'Exercise as Medicine’ Symposium Teaches the Positive Outcomes of Exercise on a Variety of Health Conditions

Published: May 08, 2015

'Exercise as Medicine’ Symposium Teaches the Positive Outcomes of Exercise on a Variety of Health Conditions

CORPUS CHRISTI, Texas – Students filled the main hallway of Island Hall on Thursday, April 30, for the “Exercise as Medicine” Symposium, held by the Kinesiology Department Exercise Testing and Prescription class at Texas A&M University-Corpus Christi.

Students, all in their senior year at the Island University, presented posters depicting how exercise can be prescribed to help prevent and mitigate the effects of common ailments like cardiovascular disease, diabetes, and obesity. Presentations also showed how exercise can be effectively and safely applied to other populations such as children, the elderly, and those who are pregnant.

“It’s important to start exercising when you’re young because you start learning those habits,” said Samantha Priddy, an Exercise Science major, who also works as a personal trainer.  She chose the topic “Children and Exercise.” “Different diseases like cardiovascular disease or diabetes are seen when you’re older, but they actually start to manifest when you’re a child.”

William Liffick, an exercise major, and also an ROTC cadet, had a personal connection to his presentation titled, “PTSD and Exercise.”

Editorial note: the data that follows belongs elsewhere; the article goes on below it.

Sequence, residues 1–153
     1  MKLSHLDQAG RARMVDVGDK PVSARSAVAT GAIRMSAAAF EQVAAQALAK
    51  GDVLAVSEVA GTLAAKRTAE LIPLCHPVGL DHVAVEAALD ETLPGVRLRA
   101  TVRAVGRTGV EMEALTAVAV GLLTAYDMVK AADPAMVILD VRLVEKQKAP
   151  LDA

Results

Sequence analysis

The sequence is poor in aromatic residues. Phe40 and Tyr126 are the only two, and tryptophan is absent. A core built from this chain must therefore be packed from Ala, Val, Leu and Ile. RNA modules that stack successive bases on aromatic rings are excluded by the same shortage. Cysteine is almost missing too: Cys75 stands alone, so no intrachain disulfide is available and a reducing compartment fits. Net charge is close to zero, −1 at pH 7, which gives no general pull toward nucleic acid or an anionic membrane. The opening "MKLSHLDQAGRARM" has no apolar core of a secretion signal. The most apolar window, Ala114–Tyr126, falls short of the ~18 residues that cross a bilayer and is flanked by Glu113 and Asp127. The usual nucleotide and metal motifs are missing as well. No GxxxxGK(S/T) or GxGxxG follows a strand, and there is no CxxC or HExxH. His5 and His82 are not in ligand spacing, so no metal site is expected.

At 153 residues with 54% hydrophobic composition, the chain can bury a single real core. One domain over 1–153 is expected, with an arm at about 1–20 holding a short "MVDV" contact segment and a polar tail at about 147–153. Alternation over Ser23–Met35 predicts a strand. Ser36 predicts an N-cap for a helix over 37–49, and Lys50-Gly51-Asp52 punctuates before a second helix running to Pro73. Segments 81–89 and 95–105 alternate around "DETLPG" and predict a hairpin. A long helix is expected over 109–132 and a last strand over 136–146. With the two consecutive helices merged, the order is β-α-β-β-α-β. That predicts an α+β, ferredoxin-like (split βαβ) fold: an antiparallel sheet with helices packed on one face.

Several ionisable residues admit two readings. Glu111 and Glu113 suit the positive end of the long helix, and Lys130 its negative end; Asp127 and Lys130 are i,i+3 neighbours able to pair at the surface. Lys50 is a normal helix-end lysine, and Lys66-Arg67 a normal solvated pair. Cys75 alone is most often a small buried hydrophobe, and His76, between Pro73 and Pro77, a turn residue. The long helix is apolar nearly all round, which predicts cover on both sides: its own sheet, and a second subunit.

“I have a lot of friends who actually come back from deployment suffering from post-traumatic stress disorder, and I thought this was a way to blend what I’m learning at school with my occupation,” Liffick stated. “Researchers did a study and found that low to moderate intensity aerobic exercise done three times a week lowers the stress levels and improves quality of life.”

The Exercise Testing and Prescription class holds this symposium each semester. The course is taught by Exercise Physiologist Dr. Don Melrose, Associate Professor of Kinesiology.

“The class is one which provides both classroom and hands-on experience, addressing all facets of exercise and prescription, ranging from health appraisal, physical fitness testing, principles of exercise prescription, clinical exercise physiology, and special populations,” said Melrose. “In this particular project, the students were tasked with showing and demonstrating through research that we really can make these different populations better with the proper exercise prescription.”